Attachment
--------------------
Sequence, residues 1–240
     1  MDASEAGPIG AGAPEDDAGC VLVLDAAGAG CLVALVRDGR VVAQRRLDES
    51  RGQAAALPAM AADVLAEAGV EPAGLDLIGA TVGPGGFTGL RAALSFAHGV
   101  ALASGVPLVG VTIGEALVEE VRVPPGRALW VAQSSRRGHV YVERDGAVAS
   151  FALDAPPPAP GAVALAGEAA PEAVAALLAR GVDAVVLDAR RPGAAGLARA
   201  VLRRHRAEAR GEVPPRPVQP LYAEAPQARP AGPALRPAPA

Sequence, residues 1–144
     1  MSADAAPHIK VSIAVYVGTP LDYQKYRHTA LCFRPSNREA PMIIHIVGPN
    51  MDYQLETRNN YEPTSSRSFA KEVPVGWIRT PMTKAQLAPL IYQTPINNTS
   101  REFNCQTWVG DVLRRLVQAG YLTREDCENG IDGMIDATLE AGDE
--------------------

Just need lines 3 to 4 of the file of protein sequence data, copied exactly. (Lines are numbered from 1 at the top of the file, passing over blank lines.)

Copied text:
    51  RGQAAALPAM AADVLAEAGV EPAGLDLIGA TVGPGGFTGL RAALSFAHGV
   101  ALASGVPLVG VTIGEALVEE VRVPPGRALW VAQSSRRGHV YVERDGAVAS